While many of the responses mentioned so far show the rapid progress of modernization, some indicators are reminders that work remains to be done. Public access is a foundational element for which the lack of development is noticeable. Only one county responded that it had an organized public access program. While over half of the counties, 37, responded that they had public access terminals, all 37 had tabular systems that were often part of an existing program through the treasurer's and register of deeds' offices. Only four of those counties had public access terminals with graphic capabilities.
Table 5 -- Land Information Officers by number of individuals and cumulative years of experience in occupational fields. Number of LIOs adds up to more than 72 because some respondents choose multiple occupations. (1993 survey)
When asked about experience, LIOs individually were found to have less experience in GIS than in other fields (Table 5). The fields that dominate the positions are Real Property Listers, Registers of Deeds, Surveyors, Cartographers, and County Zoning Administrators with each representing the background of more than 10 LIOs. While many of these are LIOs with valuable skills and knowledge, it illustrates the complexities involved in the transition from training in a traditional field important to local government to one using a fully modernized system. Few people are yet available with a training or background specific to the GIS/LIS needs of these counties.
Modernization is clearly occurring throughout Wisconsin local governments. The stages of development seem commensurate with the length of time the WLIP has been in place. The software used and dollar amounts spent show there is a greater focus on creating digital mapping systems than on activities that utilize products of GIS/LIS for complex spatial analysis. If the stage theory is correct, the future will move toward integrated systems for analysis and decision support. To meet this goal, emphasis needs to shift from the very strong focus on mapping and frameworks to a more reasonable distribution of funding and effort.
The theoretical model provides a framework illustrating some problems in developing mapping without ties to information. A quick study of the model reveals that it is difficult to enjoy benefits from modernization during the first three stages. Without the modernized land records, however, an organization can never be very involved in the last three stages of modernization, which is when many benefits will accrue. The development of mapping without balanced attention towards information will always severely limit organization in the benefits they can receive from modernization.
Before modernization progresses significantly, other changes are needed. Specialization in GIS and other related fields should be better represented among those who are actually responsible for the modernization. Land records modernization should be the object of increasing education and training for technicians, decision-makers, and the general public. It is the education of the public, in addition to better access to data and information, that is necessary for the final stage of modernization -- democratization -- to be achieved.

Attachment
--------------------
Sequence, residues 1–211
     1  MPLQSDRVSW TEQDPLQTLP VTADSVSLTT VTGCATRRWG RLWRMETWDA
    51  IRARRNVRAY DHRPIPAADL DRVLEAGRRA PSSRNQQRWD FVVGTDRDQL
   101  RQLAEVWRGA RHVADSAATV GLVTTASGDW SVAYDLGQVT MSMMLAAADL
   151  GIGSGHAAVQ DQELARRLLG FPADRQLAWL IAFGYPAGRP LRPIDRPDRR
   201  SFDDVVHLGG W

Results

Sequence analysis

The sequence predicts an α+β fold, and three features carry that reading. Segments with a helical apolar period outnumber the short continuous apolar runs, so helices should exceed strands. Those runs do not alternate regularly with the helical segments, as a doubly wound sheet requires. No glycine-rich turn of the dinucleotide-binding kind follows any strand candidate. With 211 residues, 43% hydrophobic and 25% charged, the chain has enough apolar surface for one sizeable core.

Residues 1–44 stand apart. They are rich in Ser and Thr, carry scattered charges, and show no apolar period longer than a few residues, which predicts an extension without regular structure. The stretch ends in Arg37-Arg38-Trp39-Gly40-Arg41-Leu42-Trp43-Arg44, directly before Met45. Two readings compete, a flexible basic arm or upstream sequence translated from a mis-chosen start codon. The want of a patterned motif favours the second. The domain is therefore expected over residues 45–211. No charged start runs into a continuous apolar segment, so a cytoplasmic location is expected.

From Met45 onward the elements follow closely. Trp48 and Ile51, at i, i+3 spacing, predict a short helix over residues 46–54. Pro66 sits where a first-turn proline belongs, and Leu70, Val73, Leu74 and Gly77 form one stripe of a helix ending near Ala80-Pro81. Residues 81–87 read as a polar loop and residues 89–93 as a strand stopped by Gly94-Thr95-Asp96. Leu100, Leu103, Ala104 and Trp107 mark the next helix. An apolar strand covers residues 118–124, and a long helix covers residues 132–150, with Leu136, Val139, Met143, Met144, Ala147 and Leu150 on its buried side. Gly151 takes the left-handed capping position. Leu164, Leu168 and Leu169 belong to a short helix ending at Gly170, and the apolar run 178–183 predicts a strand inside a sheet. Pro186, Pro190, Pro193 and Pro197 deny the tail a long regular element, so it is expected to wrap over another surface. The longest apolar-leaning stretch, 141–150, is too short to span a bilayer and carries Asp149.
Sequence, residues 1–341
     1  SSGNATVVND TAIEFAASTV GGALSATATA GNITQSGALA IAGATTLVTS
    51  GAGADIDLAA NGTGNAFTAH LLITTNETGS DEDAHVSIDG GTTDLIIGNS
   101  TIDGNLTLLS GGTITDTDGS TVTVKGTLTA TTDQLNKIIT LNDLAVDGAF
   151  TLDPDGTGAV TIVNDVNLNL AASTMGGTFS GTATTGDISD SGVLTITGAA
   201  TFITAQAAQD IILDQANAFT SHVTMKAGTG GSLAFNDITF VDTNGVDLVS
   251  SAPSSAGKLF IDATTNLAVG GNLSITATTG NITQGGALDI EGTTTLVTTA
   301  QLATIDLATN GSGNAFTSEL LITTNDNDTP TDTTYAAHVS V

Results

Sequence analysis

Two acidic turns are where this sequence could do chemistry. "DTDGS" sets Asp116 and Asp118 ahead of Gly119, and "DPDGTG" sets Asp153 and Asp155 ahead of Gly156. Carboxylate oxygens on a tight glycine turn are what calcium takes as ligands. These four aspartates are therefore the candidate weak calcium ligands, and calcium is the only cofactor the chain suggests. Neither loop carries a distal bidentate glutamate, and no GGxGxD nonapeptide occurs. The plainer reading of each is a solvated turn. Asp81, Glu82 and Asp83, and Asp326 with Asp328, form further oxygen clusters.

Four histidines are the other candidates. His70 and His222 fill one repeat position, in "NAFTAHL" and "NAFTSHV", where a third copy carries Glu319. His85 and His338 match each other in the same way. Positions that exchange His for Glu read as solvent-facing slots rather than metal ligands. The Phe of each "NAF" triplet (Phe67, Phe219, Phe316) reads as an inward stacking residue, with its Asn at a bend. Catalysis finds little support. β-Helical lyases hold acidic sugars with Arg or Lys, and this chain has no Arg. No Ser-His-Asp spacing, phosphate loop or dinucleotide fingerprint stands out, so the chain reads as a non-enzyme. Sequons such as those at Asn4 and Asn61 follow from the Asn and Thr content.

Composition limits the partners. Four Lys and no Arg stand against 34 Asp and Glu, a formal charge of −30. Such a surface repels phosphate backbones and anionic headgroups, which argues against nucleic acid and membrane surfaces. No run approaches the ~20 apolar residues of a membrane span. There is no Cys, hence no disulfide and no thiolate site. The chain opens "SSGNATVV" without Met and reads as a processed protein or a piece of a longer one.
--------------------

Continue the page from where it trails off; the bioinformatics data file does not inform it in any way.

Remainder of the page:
While the survey results produced so far are not complete validation of the model, they do provide a backdrop for its further consideration. The data describe situations contributing to an understanding of the model and confirming some of its basic premises. The data do not contradict the model, thus adding to its validity.
It is an ultimate goal of this research to establish and improve the validity of the theoretical model. A key objective in this task would be further establishing the stages of modernization. A determination of the relative importance of these factors over time in the process of modernization represents the second major objective in the development of this model.
In addition to the two surveys described so far, an additional survey, Q2, has been developed specifically to address the issues in the theoretical model. Q2 provides measures of the indicators and factors of the process from both government employees as well as private practitioners. We are in the process of distributing Q2 to land information professionals throughout Wisconsin.
As a final test of the modernization model, similar surveys are being used outside Wisconsin. The distribution of Q1 and Q2 to Ohio counties should provide a final verification of the model in concept and specifics. It may be possible to use additional states including Arkansas, Georgia, and North Dakota as a part of the study.
The WLIB plans to continue the use of Q1 and Q3 as its annual reporting mechanism. The results from these are becoming more valuable as a way of defending the program against new threats of elimination as a response to budgetary crises.
Establishment of the GIS/LIS modernization model would directly benefit local governments, as well as other organizations involved in the modernization process, by providing direction through the process. The model also provides academic benefits -- development of a common language for description of modernization and common conceptual thinking about modernization process. Finally, this improved understanding of the process will aid future efforts at identification of the benefits of the modernization process.
As an on-going project this research has relied on many people. However, it is possible to identify a few who have been responsible for the most recent stages of the research. William Holland and Abdul Hadi Harmans Shah both helped produce much of this article for the URISA '95 Proceedings. The LICGF, especially Kristine Kuhlman, has been central to the development and analysis of the surveys and theories presented in this research. The Wisconsin Land Information Board, especially Georgia Hopf, has provided valuable organizational and moral support. Funding has come from the National Center for Geographic Information and Analysis and the National Center for Resource Innovations.